President Donald Trump said Monday that a New York-based advice columnist and author who accused him of raping her in a New York City department store in the mid-1990s was not his "type."
"I'll say it with great respect," Trump told The Hill in an interview at the White House. "Number one: She’s not my type. Number two: It never happened."
Writer E. Jean Carroll claims that a seemingly friendly encounter with Trump at Bergdorf Goodman in 1995 or 1996 turned violent when the real estate mogul pinned her up against a dressing room wall, pulled down her tights, unzipped his pants and put his penis inside her before she was able to fight him off and run from the store.
Trump told The Hill that Carroll was "totally lying" about the accusation, which he also denied in earlier statements.
"I know nothing about this woman. I know nothing about her," the president previously said. "She is — it’s just a terrible thing that people can make statements like that."
The prominent author, who for years worked as an advice columnist for Elle magazine, first came forward with the allegations in an article published Friday in New York magazine, in which she detailed various instances of sexual assault or attempted assault throughout her life. Her account was included in an excerpt of her upcoming book, "What Do We need Men For?: A Modest Proposal."
"I've never met this person in my life," Trump said last week, referring to Carroll, even though the excerpt in New York magazine was accompanied with a photograph that showed the two together at a party in 1987. "She is trying to sell a new book — that should indicate her motivation. It should be sold in the 'fiction' section."
Carroll told CNN’s Anderson Cooper later Monday that she was "glad" Trump did not consider her to be his type.
"I love that," she said. "I'm so glad I am not his type."
Carroll said there were no attendants in the dressing room area at the time of the alleged rape and that she did not file a formal complaint against Trump with the New York Police Department.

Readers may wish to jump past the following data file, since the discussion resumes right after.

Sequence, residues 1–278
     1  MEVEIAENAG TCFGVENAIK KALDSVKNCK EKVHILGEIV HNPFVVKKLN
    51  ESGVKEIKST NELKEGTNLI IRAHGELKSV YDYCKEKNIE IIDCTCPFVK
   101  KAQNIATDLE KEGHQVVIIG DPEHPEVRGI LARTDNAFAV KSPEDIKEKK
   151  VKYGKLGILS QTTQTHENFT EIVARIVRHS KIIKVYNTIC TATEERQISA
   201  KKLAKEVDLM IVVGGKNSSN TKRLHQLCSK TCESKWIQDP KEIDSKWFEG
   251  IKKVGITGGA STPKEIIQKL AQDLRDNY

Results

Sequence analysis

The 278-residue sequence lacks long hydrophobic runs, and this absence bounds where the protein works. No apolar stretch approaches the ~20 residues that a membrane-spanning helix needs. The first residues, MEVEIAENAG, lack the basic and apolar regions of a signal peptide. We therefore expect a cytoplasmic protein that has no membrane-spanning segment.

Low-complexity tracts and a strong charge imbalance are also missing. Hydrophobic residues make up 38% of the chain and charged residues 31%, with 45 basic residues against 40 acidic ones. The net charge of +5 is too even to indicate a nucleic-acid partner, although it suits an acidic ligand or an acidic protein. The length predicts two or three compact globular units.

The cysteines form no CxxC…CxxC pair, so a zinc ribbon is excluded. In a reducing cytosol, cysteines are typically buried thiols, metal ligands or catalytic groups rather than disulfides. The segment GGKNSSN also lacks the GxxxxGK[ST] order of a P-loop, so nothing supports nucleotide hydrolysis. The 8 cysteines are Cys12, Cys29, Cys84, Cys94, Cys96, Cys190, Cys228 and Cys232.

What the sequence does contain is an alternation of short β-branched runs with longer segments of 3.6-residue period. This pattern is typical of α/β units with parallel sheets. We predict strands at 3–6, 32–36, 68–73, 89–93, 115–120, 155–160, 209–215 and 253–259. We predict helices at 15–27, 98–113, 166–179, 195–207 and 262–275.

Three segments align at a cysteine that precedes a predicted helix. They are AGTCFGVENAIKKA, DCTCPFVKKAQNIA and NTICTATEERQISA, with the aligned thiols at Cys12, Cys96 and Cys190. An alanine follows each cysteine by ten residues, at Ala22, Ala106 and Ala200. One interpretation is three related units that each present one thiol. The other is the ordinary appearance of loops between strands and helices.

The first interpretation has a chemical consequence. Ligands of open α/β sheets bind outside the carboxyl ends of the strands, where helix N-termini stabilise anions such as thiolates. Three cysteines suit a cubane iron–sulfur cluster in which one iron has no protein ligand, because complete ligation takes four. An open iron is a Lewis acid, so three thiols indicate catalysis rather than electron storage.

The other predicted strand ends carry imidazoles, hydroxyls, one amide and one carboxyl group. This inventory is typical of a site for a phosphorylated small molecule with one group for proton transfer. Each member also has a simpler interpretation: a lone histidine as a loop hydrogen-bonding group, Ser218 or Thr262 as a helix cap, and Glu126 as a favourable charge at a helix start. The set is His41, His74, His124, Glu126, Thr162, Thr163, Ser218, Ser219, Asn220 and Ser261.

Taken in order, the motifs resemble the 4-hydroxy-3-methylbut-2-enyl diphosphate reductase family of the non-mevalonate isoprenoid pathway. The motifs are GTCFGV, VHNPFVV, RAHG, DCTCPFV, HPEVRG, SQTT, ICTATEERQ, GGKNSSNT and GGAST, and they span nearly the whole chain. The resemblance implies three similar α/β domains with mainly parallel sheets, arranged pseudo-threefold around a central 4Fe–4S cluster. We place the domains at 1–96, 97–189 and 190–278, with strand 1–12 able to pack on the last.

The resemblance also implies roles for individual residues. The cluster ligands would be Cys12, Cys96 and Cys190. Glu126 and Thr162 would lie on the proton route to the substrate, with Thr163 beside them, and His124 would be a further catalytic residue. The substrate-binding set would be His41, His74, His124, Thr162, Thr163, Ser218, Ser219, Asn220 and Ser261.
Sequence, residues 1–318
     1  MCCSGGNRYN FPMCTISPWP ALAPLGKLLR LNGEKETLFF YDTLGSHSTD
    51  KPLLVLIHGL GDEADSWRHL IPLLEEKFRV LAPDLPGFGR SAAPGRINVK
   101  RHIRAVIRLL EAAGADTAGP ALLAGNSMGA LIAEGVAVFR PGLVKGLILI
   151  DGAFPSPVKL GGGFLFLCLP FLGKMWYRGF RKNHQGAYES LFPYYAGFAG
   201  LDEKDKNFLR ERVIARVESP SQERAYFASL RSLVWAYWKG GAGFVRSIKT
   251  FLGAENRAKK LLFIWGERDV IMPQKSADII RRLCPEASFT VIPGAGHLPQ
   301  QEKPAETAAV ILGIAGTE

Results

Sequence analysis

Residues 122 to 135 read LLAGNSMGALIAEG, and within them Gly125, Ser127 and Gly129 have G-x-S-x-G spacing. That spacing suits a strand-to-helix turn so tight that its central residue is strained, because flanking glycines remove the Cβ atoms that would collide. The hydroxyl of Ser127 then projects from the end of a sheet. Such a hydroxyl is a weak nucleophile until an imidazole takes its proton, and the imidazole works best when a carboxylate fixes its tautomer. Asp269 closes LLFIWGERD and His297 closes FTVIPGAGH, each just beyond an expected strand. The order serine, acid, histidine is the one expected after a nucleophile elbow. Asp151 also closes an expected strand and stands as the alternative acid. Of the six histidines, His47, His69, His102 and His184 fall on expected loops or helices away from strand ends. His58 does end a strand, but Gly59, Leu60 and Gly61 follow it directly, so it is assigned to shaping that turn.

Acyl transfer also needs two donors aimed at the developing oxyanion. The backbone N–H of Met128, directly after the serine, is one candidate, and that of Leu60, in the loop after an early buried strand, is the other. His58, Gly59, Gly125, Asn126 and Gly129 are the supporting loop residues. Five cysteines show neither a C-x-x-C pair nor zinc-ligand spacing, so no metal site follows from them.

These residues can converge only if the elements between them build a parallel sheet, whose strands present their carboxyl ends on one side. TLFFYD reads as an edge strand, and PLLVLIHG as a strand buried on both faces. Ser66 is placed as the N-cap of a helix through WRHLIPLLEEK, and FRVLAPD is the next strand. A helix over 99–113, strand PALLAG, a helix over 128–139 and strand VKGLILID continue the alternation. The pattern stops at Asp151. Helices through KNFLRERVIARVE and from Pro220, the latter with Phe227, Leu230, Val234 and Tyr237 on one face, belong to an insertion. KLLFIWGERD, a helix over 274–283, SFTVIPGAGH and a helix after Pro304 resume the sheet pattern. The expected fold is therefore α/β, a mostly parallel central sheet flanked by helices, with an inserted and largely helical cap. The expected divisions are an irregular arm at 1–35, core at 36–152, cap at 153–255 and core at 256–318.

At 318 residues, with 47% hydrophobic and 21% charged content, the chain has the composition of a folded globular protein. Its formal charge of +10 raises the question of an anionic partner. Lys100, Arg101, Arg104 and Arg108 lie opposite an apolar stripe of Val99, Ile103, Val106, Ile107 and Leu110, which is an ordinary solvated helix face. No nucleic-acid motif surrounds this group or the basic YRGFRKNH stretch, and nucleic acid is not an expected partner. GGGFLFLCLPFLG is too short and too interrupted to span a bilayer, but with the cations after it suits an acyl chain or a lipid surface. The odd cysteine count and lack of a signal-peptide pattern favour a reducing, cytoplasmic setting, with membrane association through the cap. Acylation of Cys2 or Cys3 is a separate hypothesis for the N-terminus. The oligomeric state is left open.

"I wanted to forget it," she said. "I thought: A, my fault. B, I was stupid. C, I didn't think of it . . . as rape. I thought of it as a violent incident. I thought of it as a fight."
Carroll is the 16th woman to publicly accuse Trump of sexual misconduct. Trump has denied the allegations, claiming the women are liars.
The president's remark that Carroll is not his "type" echoes similar comments he made of other women who have accused him of sexual misconduct.
In 2016, Trump said he would not have assaulted accuser Jessica Leeds, because she was not attractive enough to have drawn his interest.
"Believe me — she would not be my first choice," he said at a rally in Greensboro, North Carolina. "That I can tell you. You don't know. That would not be my first choice.
Trump has also dismissed former People magazine reporter Natasha Stoynoff's allegation that he forcibly kissed her in 2005 at his Mar-a-Lago golf club in Florida.
"She's a liar. She's a liar," he said. "She's writing a story — check out her Facebook page — you'll understand."
Carroll on Monday referred to Trump's pattern of disparaging the physical appearances and integrity of the women who have accused him of sexual misconduct.
"With all of the 15 or 16 women who have come forward, it is the same. He denies it, he turns it around, he attacks and he threatens. Then everybody forgets it, and then the next woman comes along," she said. "And I am sick of it."
"Think of how many women have come forward — nothing happens," Carroll added. "The only thing we can do is sit with you and tell our stories so that we empower other women to come forward and tell their stories, because we have to change this culture of sexual violence."